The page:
Most good things take time. That phrase fits a Bengals' passing attack finally turning the corner 23 games into Zac Taylor’s tenure. They've scored 30-plus points in three of their past four games, in large part because of Joe Burrow and the three-headed monster forming at wide receiver.
Things got off to a rocky start, especially with A.J. Green.
Over the first five games of the season, Green's production was lopped in half, averaging three catches and 24 yards per game on a 41% catch rate.
Green averaged 5.4 receptions and 80.2 yards per game on a 58% catch rate from 2011-2018. His peculiar exit against Baltimore was rock bottom. That's the thing about rock bottom—it can't get worse.
Green could have packed it in after that game, demanded a trade like Carlos Dunlap and brought his time in the Queen City to a close. Not so fast. He hadn’t played live football in two years and wasn't a part of Taylor's offense last season, but he’s starting to find his way.
"I’m just still rusty. I’m still learning this system, I’m still trying to get comfortable in the routes that I’m running," Green said last month. "Just little things like that. I knew there were going to be growing pains, but I want to be great and I accept the challenge."
Taylor didn't know what kind of player he was getting in Green. Inconsistency should've been expected over the first month.
Green had been a complete route tree player his whole career, but Taylor has streamlined his concepts over the last few games. The 32-year-old is running more quick-breaking and comeback routes to take advantage of his size and experience advantage against most corners.
Finding these wrinkles and leaning on them has helped bring Green back to life over the past two games. He's averaging 7.5 receptions, 89 yards and has a 62.5% catch rate over that span.
The change in routes has opened up Green's open field prowess. The Georgia-product has 99 yards after catch over those two games. He only had 16 total YAC on the season following Week 5. Green's future with the Bengals is up in the air, but he'll have to light up the stat sheet over the next nine games to get anywhere near the $18 million he's making this season. If Green plays well, then chances are he'll get a few more seasons with Tyler Boyd.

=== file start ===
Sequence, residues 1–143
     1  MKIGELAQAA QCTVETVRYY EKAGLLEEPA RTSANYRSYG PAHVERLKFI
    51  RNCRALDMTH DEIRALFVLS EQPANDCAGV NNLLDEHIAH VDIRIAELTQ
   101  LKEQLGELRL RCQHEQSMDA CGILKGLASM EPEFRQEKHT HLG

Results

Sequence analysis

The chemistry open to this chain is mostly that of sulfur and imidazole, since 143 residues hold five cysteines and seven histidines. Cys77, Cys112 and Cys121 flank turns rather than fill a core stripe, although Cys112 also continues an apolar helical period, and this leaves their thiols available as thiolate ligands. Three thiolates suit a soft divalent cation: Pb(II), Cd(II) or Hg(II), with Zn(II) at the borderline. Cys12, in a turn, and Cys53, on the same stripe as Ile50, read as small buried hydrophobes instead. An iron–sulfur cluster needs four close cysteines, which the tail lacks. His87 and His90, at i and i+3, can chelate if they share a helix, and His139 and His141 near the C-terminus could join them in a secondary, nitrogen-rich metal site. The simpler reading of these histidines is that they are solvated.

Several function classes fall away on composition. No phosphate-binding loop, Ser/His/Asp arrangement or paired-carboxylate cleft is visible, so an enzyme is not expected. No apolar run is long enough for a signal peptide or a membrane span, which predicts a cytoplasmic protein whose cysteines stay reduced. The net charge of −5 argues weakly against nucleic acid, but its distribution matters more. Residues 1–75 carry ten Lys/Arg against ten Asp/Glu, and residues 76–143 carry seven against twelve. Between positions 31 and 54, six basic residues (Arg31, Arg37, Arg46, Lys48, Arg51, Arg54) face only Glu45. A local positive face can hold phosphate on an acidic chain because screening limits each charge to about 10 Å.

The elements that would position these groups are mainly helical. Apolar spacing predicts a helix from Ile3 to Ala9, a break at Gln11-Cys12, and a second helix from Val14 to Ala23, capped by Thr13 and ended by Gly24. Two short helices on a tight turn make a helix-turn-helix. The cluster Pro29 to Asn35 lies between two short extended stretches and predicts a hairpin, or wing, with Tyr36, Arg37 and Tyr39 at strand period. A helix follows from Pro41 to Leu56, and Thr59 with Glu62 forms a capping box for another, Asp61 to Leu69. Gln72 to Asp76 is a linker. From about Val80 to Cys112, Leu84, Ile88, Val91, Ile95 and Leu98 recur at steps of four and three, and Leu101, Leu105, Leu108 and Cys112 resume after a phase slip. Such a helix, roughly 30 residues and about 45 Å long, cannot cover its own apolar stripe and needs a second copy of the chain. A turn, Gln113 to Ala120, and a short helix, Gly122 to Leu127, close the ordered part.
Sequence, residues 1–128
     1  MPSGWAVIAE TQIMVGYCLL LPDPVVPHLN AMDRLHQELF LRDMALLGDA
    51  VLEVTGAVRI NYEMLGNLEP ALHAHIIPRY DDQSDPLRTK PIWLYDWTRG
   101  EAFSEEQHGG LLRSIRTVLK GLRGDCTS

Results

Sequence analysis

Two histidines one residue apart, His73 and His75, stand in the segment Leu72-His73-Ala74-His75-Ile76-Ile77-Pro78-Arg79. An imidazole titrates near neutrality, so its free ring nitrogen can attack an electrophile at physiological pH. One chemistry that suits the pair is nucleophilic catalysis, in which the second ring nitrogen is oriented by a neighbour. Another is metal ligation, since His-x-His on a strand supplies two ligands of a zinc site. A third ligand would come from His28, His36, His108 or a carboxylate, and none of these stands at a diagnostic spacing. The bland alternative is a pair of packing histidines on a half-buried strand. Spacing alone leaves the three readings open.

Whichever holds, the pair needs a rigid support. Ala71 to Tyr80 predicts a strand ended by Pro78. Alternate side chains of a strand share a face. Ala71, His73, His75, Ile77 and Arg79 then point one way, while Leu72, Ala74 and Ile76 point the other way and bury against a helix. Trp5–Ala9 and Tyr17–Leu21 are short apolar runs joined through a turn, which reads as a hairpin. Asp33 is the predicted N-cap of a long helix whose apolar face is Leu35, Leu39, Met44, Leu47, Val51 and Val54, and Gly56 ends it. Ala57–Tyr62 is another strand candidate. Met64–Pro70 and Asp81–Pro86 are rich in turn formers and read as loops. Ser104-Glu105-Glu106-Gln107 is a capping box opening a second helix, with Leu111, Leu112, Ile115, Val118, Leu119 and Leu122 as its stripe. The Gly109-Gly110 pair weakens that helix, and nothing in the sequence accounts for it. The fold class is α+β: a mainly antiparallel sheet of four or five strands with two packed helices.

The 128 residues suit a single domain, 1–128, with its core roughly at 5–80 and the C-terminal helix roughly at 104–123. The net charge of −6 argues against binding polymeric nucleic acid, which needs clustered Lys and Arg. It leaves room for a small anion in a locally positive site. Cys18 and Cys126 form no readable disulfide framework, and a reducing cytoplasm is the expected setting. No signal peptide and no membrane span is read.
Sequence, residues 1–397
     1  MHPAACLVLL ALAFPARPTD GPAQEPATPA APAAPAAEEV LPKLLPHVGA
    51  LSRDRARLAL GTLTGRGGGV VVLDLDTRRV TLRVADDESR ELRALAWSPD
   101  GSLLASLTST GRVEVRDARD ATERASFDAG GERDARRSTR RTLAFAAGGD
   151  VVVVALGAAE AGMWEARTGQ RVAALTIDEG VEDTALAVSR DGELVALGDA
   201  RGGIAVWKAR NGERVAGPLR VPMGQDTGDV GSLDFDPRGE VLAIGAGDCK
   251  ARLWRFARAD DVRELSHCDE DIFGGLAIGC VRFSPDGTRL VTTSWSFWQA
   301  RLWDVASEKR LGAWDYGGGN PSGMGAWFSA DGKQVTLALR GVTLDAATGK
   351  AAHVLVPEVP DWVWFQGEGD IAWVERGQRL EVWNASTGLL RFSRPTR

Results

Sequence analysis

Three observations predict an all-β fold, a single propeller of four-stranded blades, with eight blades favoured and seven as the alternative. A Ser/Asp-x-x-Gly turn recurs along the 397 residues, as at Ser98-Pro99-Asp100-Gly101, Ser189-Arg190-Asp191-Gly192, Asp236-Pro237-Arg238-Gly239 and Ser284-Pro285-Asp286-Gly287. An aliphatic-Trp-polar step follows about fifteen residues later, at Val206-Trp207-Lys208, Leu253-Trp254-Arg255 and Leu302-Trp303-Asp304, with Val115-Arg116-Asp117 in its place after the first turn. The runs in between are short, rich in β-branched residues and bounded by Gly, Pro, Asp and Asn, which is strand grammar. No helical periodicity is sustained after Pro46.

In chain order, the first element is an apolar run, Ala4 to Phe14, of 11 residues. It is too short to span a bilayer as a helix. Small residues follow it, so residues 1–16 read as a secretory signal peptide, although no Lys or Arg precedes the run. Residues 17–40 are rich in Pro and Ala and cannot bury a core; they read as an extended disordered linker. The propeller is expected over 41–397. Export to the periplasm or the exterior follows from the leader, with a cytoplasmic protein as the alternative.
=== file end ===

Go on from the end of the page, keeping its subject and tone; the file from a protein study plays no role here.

Boyd has been punching the clock in 2020 like it's been a normal year. He's first in the NFL with 42 slot receptions according to PFF. His 48 total catches through seven games is tied for third in the NFL.
READ MORE: An Open Letter To Carlos Dunlap
Boyd has been a top-15 wide receiver since that electric touchdown against Baltimore in 2017. Only six players have more catches than him since that game-winner.
Sunday was arguably Boyd's best game of the season in what's been a special year for the Pittsburgh alum. He's averaging career-highs in yards (73.9) and catches per game (6.9). He's formed a special bond with Burrow and the rookie is taking advantage. Boyd's moved the chains for a first down 33 times this season, which is second in the NFL behind Cardinals' receiver Deandre Hopkins.
The feasting should continue against Tennessee, who allows the third-most fantasy points per game to slot receivers. Boyd, 25, is signed through the 2023 season. He still hasn't hit the peak of his prime.
While Boyd was a known quantity for Burrow to utilize, the third receiving option remained a mystery in the offseason. General sentiment had the Bengals rolling out John Ross III, but Tee Higgins had other plans. The rookie receiver has burst onto the scene, helping form a three-headed monster at wide receiver in Cincinnati.
Higgins has 27 receptions for 410 yards and three touchdowns this season. He's been the most efficient downfield option for Burrow and the Bengals.
The rookie quarterback has a 117.4 passer rating when targeting Higgins, which is first on the team (min. 20 targets). The Clemson-product ranks top-three for all rookie receivers in yards, touchdowns (3), and yards per catch (15.2).
The ability to stretch the field is what Cincinnati fans can fawn over. The Bengals found the deep threat needed for Burrow to reach his ceiling. For rookies with 20-plus targets, Higgins leads them all with a 13.2-yard average depth of target. We got a taste of that skillset against the Colts.
This pass was Burrow's longest completed air distance this season (45.6 yards) according to NextGen Stats. Rock Ya-Sin gives Higgins plenty of space at the snap, but Higgins was too much for the corner.
Defenders are respecting him as a game-breaker. He ranks third among all rookies with 6.5 yards of average cushion at the snap. Higgins is just scratching the surface of what he can become in the NFL. Should that potential bust through, Cincinnati will have a top-tier trio of receivers for their franchise quarterback.
For more on the Bengals, including the latest NFL news, go here!